My sister is going to have a baby, so naturally I’m looking everywhere for baby related things. I found these at Shan’s Needleworks for $2 a piece.
I’m particularly excited about the turtle. So cute!! I haven’t done amigurumi before, nothing has really caught my eye. I’ve seen lots of cool things people have whipped up, but I suppose I’m not into the cutesy items as much when it comes to actually making them. I figure having a niece/nephew gives me the opportunity to make those cutesy things without having to find a place to put them afterward.
I also got a nice discount bag of yarn.
and a super handy knitting gauge tool!!
I went for a wonderful walk along the quay yesterday, so refreshing. I don’t go walking nearly as much as I should. They have so many beautiful flowers and decorative lettuces planted along the boardwalk, it makes me feel lucky to live where I do. Every morning I can enjoy the amazing colors of the sun rising up beyond the bridges and see the mist float around the river.
I have quite a few projects on the go.. a shawl, handwarmers, a bag, a cowl, another shawl, a couple pictures, and this pretty underthing from an old Australian Women’s Weekly that I found through ravelry.
I don’t have pictures for all of them, but here’s a pic of the most recent. I’ve been holding on to this yarn for a while, cause nothing was awesome enough for it, and since I’ve expanded my craftiness to include a bit of knitting, I found the perfect project. Here’s the link to the ravelry page. It’s quite an easy pattern, and I’m making a couple alterations to allow for my hip-waist ratio.. lets see how it goes.
It’s a cool pattern to memorize because everything is done in counts of 5.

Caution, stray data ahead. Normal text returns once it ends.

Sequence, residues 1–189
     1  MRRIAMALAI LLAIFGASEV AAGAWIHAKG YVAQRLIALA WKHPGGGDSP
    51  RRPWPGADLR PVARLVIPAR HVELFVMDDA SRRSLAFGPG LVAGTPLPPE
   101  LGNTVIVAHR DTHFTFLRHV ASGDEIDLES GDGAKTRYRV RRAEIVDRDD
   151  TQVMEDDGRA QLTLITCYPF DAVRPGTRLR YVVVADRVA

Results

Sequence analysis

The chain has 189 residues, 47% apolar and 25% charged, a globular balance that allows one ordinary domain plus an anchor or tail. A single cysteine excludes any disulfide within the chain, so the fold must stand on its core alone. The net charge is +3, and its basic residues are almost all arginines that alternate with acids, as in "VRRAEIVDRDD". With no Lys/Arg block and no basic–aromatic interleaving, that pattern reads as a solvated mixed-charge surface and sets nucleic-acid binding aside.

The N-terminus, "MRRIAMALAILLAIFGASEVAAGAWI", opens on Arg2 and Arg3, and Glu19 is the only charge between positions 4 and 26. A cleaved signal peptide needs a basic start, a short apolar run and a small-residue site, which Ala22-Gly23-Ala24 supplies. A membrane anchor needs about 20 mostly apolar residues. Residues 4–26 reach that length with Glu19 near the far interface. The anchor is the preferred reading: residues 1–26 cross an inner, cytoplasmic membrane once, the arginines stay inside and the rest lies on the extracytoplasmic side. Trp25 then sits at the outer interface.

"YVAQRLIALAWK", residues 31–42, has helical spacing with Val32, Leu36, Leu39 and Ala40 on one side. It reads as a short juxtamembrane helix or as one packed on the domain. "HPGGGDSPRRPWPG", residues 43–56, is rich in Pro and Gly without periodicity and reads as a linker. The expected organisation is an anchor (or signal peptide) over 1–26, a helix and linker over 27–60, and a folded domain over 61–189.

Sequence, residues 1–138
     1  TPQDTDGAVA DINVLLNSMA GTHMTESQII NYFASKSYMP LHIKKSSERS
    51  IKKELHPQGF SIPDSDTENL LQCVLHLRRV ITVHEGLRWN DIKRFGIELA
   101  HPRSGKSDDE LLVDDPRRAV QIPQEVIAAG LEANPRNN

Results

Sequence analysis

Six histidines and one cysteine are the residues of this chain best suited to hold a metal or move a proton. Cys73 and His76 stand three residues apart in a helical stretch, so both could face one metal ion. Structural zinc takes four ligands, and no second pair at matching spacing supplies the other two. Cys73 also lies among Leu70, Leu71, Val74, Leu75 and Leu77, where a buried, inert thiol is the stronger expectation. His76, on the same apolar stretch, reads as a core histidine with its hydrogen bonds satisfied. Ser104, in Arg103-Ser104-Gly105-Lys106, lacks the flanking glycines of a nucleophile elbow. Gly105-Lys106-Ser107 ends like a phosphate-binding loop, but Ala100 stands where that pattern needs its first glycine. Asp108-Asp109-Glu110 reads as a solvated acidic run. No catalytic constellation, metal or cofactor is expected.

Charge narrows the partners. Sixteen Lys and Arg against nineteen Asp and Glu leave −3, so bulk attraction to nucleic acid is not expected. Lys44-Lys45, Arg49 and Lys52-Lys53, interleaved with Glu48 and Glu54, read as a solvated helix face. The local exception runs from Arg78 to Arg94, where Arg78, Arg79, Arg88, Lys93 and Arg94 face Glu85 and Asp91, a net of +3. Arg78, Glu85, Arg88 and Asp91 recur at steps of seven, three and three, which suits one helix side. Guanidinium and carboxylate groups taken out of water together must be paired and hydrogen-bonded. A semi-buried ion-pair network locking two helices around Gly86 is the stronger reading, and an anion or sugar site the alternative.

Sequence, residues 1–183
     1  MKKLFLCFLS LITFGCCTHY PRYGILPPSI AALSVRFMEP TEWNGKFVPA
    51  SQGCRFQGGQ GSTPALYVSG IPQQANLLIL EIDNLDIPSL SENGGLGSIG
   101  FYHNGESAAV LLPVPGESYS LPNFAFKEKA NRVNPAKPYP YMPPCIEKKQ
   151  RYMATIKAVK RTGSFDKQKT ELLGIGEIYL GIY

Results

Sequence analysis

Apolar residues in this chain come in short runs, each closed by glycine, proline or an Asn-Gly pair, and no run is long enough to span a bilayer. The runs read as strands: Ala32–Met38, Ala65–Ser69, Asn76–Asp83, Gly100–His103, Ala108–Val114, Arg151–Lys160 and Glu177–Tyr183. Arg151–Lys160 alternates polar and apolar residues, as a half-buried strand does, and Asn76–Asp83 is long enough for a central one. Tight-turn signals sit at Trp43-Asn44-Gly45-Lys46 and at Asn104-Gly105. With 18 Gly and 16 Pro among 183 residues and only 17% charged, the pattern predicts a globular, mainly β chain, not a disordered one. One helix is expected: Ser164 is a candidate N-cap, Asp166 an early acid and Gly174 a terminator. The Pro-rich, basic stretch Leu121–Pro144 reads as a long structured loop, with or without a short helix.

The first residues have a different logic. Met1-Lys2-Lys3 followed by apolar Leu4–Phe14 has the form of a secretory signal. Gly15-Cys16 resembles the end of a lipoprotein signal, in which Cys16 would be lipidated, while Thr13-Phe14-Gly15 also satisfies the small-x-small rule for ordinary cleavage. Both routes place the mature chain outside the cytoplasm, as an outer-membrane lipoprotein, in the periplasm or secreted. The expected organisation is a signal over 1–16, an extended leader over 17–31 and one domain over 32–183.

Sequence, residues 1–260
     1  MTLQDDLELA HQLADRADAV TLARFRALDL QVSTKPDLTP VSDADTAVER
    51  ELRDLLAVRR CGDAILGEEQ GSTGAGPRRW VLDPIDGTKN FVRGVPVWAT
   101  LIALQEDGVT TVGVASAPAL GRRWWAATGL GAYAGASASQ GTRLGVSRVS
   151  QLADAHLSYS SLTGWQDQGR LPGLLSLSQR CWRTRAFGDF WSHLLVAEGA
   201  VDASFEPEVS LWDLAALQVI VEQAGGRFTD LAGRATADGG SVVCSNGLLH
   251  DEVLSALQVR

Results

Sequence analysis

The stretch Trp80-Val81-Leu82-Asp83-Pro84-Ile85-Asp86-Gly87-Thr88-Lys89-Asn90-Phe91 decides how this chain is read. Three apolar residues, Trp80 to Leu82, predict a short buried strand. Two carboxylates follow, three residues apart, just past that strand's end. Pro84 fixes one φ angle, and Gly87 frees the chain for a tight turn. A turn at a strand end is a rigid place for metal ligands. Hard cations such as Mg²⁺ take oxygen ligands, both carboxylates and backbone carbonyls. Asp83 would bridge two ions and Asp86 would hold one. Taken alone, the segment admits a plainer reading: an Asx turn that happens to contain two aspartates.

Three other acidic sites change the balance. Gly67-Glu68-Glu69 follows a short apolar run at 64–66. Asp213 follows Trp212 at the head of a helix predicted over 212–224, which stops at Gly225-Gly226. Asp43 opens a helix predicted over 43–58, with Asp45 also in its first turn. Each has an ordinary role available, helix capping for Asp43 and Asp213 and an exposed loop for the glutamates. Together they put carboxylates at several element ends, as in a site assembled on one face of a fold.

I also bought this GORGEOUS simply fantastic yarn yesterday!! I think I have to get a couple more skeins of it, maybe in another color too.
It’s laceweight 70% baby alpaca and 30% mulberry silk. It’s so soft it makes you wonder why you’d ever want to wear anything made of anything else.
I also finished this hat a couple weeks ago, but I don’t like my face right now so I didn’t take a picture of it.. so here’s a picture now, even though the face sitch hasn’t changed.
it’s from Interweave Crochet’s Accessories 2010 issue. I probably used a yarn not quite what they called for, so it ended up needing a couple more repeats around the brim.. Or perhaps I just like my hats lower down than they designed for.
I hope everyone is having a happy new year so far!
Will made such a delicious dinner a couple weeks ago!! it was braised chicken thighs, and we had a yummy cheese plate and olive encrusted bread.
I’ve also got a bunch of projects on the go, and I’ve baked a bunch of cookies. I just started a (hopefully) beautiful knitting pattern. Here I’m making it in a lavender slightly halo-y yarn and it seems to be going well so far. I’m a little concerned about how it’ll fit, since I’ve got a big hip to bust ratio. but the pattern description seems to indicate a good amount of stretchiness. I did change a couple things to suit my preferences of construction. I chained the stitches that I wanted to cast on, and I didn’t cast on as many as the pattern wanted me to, I think I have a larger yarn and needles than the pattern calls for.